From underground press then to journalism prof now, Ken Light casts a discerning eye on the interesting times in which he has lived.
UC Berkeley research concludes that student evaluations are inherently sexist—and that relying on them in employment decisions can jeopardize women’s advancement in academia.
White House announces today it intends to expand the earthquake warning system co-developed by UC Berkeley—aiming for coverage on the West Coast that could give residents life-saving seconds of warning that quake tremors are headed their way.
B-boys and b-girls have been breaking on the Cal campus for two decades—they’ve put it on the map as a place where anyone can come and get down. See why:
Glynn Washington talks with Daniel Alarcón about radio storytelling with a beat: "Every tool of the radio producer’s kitchen goes into the audio experience of Snap Judgment, to get you into the mindspace of someone completely different."
How the onetime supervising architect of UC Berkeley, George Kelham, helped shape and scrape the skyline.
Gigging is one thing if you’re young, unattached and restless. It’s liable to be quite another if you’re older, have family responsibilities, and find that full-time jobs with decent salaries and benefits are almost as rare as Powerball winners.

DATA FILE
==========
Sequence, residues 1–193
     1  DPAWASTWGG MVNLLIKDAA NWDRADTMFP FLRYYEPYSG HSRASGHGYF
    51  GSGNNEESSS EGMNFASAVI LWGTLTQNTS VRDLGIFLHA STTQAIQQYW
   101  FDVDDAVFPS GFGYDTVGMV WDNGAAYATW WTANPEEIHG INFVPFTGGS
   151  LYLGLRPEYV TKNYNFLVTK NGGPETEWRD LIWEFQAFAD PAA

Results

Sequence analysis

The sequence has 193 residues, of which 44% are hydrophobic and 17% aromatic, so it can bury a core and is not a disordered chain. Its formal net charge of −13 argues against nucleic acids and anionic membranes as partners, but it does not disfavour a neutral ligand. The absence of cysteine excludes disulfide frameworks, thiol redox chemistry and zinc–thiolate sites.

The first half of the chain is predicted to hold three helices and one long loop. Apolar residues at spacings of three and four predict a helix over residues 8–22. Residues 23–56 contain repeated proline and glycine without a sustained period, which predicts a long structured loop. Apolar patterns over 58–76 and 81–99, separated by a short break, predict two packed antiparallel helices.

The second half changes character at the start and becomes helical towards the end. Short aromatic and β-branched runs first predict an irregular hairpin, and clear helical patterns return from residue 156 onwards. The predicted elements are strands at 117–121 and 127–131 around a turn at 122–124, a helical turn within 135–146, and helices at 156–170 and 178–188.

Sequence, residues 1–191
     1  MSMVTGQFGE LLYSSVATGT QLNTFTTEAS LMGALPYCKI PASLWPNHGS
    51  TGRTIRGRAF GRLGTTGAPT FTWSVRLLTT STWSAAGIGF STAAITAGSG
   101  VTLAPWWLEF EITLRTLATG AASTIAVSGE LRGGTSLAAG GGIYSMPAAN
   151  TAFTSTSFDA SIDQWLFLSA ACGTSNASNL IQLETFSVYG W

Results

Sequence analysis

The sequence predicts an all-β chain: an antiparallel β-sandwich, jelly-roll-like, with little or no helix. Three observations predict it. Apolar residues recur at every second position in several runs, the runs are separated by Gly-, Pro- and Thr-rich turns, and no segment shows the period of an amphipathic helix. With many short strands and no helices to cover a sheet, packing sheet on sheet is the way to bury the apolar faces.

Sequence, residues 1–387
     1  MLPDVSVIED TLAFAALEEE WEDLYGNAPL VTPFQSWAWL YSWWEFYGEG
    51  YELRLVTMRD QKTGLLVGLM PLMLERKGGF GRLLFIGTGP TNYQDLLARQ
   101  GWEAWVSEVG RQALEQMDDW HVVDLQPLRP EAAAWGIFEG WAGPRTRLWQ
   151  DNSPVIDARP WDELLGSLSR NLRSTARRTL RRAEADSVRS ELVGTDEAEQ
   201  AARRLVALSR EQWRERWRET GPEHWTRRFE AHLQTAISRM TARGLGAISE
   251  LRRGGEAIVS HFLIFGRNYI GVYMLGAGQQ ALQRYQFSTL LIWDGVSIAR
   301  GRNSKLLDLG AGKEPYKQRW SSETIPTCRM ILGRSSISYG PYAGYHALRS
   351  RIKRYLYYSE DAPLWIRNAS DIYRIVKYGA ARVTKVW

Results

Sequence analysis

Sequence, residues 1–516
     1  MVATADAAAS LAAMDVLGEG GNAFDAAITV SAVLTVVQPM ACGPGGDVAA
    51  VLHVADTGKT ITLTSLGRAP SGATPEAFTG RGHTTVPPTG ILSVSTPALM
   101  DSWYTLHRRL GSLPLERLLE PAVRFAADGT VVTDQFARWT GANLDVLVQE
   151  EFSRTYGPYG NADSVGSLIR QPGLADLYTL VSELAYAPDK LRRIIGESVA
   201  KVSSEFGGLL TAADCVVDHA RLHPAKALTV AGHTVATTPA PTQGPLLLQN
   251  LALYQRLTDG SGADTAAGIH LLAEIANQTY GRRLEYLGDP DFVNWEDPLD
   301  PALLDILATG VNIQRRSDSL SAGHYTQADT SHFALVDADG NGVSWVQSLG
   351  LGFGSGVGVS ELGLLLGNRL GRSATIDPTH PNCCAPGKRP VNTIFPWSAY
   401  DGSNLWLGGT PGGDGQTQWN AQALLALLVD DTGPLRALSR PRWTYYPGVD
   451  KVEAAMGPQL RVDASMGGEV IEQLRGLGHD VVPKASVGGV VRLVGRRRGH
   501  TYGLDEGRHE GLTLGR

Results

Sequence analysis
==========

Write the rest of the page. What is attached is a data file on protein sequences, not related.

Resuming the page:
As with any crime of passion, there was a twisted logic to my deeds. Little did I realize that none of us would figure out how to make real money while providing quality journalism, for free.
Unlike previous generations, Millennials now view socialism almost as favorably as capitalism. Does this explain the “Sanders surge”?
In California’s water crisis, the real culprit isn’t the drought but the state’s Gold Rush–era water law, which has allowed landowners to wantonly sink wells that suck ever deeper and drier. A new law aims to change that.